Editorial Image by Nicola Manuel,

Images are everywhere. Take a look around, they are on fabrics, on cups, on the walls, on advertising flyers, the list goes on…. 

Stopping by one of the numerous junk shops in my home town I can find boxes and boxes of old post cards and rooms lined with picture frames containing both originals and prints of various styles and qualities. There are so many and most are worth so little (priced from £0.20 to about £8) yet artists still get commissioned hundreds or thousands of pounds to create new art work. If there is such an abundance of images out there why do we keep wanting more?

There was a time when images were scarce, to be found mainly in religious buildings, libraries or the homes of rich people. They would have been hand painted or hand printed, and have resided in one place alone, unless a copy was made. Each image had a value to be found in its uniqueness.

Centuries of innovation have put an end to this. Technological advancement in print technology and the advent of the camera have meant that any image can be reproduced over and over again. Now one image can be cheaply printed and circulated to be viewed by hundreds of hungry eyes.

The ability to reproduce images gave them a new life and a different sort of value. Images became powerful tools for the delivery of information. As acclaimed art critic John Berger states “Seeing comes before words. The child looks and recognizes before it can speak .” Images can be used to connect with people in a way that words do not. They have aesthetic appeal and can cause a strong emotional response. They do not have to be read but confront us in an immediate way.

For these reasons they are used to furnish goods, for entertainment and advertising. Looking back over the past two centuries, an increase in mass produced imagery can be correlated closely with a rise of consumer culture. Incidentally, as art critic Susan Sontang writes, “a capitalist desire requires a culture based on images.”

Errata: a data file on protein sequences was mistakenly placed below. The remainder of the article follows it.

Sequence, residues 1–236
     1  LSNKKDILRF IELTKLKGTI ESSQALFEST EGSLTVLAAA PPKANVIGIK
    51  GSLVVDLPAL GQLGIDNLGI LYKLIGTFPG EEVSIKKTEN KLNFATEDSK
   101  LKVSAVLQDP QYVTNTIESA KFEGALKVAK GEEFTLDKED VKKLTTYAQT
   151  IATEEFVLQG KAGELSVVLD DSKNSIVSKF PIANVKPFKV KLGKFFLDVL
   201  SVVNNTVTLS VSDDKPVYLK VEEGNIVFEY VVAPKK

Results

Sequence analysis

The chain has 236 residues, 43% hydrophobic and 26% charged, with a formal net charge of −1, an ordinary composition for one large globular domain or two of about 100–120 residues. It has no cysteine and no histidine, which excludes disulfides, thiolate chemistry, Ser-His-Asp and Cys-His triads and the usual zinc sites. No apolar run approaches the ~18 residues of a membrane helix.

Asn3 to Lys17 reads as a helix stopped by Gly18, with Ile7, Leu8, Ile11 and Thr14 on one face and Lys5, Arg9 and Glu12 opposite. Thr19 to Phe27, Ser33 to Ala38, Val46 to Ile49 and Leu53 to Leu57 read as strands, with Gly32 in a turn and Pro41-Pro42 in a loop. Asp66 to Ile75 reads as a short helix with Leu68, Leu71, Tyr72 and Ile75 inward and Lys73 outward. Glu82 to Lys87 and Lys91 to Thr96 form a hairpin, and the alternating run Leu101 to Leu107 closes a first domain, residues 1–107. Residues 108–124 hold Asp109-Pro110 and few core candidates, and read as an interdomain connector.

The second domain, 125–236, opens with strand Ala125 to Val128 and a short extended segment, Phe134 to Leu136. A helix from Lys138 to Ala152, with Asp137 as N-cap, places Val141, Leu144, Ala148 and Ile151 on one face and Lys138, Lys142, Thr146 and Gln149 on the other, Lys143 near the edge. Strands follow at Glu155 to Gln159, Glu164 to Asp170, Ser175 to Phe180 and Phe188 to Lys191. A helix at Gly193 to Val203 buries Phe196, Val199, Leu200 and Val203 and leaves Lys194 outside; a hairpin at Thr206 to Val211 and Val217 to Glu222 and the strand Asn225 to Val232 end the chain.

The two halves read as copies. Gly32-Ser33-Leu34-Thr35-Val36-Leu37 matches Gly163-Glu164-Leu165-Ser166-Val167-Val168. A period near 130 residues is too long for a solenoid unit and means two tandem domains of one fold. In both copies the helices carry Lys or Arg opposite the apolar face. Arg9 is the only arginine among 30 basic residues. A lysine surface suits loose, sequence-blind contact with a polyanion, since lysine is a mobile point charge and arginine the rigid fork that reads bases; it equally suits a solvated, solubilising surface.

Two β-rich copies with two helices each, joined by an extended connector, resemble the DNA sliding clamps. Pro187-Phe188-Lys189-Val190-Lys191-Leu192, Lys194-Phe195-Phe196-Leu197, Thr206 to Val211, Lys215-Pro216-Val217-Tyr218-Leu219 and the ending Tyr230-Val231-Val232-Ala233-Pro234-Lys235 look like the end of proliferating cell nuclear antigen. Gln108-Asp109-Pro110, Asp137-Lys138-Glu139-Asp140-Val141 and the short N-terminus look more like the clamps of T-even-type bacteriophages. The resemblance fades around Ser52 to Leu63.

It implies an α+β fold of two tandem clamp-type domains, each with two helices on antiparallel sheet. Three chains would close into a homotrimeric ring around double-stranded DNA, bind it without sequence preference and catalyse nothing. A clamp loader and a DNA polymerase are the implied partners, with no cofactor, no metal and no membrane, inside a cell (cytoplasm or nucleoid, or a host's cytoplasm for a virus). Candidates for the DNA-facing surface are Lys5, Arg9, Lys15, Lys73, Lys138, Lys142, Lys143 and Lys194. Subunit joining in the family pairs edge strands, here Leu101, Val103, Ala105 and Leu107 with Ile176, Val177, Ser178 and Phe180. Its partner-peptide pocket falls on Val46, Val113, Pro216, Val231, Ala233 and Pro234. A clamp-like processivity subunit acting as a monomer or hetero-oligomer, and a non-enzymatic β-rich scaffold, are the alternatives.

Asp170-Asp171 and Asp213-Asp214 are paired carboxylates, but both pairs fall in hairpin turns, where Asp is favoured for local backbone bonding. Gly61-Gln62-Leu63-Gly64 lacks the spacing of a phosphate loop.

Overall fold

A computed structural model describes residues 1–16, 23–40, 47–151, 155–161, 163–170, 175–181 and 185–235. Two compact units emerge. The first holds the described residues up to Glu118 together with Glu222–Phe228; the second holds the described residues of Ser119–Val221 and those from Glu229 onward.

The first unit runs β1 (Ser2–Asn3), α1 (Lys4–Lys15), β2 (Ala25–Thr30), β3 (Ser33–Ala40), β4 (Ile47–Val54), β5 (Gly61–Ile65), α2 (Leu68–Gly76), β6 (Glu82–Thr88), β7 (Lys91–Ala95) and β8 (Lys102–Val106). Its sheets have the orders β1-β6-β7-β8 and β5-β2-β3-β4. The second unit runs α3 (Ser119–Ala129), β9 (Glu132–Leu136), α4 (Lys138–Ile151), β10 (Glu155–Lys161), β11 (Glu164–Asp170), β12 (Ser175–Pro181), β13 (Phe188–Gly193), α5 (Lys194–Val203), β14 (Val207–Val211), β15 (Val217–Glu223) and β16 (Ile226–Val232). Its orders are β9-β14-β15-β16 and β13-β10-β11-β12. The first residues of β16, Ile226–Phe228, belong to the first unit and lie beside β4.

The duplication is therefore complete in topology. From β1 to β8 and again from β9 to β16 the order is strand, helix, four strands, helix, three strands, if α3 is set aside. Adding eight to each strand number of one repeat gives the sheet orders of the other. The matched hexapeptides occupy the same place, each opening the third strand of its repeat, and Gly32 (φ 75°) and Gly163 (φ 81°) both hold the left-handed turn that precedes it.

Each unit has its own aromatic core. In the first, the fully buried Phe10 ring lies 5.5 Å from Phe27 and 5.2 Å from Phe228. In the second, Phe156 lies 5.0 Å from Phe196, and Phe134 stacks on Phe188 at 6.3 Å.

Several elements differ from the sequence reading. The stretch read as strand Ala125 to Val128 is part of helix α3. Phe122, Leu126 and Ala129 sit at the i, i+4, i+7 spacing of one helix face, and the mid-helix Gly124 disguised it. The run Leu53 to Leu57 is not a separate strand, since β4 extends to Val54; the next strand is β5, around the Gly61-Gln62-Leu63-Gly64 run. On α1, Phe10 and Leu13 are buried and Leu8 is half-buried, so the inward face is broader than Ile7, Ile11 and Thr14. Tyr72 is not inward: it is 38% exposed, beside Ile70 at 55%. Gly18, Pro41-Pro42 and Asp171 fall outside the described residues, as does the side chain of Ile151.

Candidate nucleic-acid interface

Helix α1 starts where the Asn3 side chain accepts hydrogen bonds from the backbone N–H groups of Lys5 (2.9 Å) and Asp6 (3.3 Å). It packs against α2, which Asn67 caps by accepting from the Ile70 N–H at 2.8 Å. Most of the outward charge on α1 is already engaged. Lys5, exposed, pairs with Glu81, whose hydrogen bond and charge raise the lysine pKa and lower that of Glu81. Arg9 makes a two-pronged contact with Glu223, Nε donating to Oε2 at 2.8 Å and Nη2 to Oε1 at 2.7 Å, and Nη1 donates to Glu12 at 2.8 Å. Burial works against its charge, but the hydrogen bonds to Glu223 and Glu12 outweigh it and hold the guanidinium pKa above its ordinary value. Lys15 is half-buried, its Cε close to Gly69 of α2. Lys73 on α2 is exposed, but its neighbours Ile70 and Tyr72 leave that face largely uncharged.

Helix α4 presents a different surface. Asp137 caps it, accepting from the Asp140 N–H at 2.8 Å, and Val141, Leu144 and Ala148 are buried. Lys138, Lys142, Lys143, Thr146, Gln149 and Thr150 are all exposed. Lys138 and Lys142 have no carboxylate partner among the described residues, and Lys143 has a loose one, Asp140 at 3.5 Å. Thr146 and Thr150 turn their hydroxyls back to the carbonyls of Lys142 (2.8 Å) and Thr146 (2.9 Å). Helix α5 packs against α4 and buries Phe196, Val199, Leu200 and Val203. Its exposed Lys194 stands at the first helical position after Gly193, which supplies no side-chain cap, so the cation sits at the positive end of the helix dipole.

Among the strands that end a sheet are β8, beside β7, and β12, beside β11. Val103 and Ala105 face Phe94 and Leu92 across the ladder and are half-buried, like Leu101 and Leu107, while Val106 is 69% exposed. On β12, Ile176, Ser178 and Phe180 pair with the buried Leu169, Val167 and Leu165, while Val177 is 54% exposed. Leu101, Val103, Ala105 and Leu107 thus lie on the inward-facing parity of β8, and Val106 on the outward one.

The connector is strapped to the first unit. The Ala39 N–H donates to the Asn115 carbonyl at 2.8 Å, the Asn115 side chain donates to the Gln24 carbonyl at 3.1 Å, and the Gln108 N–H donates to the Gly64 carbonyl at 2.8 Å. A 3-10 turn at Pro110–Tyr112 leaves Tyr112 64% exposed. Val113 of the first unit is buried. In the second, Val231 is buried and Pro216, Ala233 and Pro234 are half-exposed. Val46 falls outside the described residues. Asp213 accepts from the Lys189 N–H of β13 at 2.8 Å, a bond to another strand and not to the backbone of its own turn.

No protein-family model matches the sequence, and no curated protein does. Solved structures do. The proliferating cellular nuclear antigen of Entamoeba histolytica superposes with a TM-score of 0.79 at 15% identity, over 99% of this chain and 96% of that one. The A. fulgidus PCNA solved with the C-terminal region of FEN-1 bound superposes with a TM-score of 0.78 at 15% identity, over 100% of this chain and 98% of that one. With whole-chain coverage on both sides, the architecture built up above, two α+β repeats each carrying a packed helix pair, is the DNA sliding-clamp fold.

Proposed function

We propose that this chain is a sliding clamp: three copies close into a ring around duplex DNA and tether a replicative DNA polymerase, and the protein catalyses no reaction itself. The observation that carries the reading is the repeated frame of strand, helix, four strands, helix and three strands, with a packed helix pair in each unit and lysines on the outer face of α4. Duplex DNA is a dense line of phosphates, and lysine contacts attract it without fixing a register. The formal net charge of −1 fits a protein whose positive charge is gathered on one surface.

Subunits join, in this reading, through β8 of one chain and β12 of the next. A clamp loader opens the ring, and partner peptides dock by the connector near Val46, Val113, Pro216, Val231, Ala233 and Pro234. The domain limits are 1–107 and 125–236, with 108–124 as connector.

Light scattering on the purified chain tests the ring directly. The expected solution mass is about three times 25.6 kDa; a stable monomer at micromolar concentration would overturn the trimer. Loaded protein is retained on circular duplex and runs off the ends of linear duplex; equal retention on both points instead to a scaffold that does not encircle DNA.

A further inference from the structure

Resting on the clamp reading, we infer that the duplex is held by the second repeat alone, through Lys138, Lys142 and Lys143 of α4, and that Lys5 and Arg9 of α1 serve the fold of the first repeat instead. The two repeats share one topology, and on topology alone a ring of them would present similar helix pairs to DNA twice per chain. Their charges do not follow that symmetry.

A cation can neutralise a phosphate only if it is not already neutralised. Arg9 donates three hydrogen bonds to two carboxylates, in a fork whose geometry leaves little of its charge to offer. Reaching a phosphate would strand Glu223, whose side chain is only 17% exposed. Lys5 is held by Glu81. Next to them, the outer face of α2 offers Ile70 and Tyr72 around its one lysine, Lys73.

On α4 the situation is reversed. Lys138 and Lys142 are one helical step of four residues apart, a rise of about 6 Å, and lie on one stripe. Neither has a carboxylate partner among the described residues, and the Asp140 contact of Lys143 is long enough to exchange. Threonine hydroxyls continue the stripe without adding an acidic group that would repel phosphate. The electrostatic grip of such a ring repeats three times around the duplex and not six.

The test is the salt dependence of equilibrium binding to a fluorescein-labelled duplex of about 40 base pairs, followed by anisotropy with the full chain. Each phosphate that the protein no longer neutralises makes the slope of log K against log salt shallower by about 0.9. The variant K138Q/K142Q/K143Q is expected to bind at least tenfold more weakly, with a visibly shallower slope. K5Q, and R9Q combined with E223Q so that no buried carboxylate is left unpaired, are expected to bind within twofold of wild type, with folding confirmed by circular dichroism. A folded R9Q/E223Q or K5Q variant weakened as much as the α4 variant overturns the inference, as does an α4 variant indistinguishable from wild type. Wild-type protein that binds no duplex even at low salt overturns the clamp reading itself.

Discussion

Illustrators, photographers, artists and designers have made a living from understanding this constant need for new images. After all, consumer culture runs on novelty and relegates the old as irrelevant. However we are now reaching a point where it seems there are images everywhere, the public, surrounded by so much designed and printed material, take it for granted; huge amounts of packaging, magazines and advertising material are thrown away only to be replaced by updated versions of the same thing.

These trends have been further accelerated due to digital technology. The internet and computers have made imagery even easier to create, duplicate and share images. In fact, the pure volume of uploaded visual information stored without any hierarchy or sifting threatens to obscure even the novel image. Will there soon be so many images and so many people making them, that becoming an illustrator, artist or photographer becomes an unrealistic goal with too much competition and scant rewards?

It may be that image makers will have to evolve. Collaborative projects such as the Johnny cash project and interactive digital material like the arcade fire website “The Wilderness Down town” by Chris Milk are examples of people working together and exploring new areas. Will this ongoing quest for the original, the novel and the unique mean a new age for the image? Lets hope so.

Written by Alice Larkin


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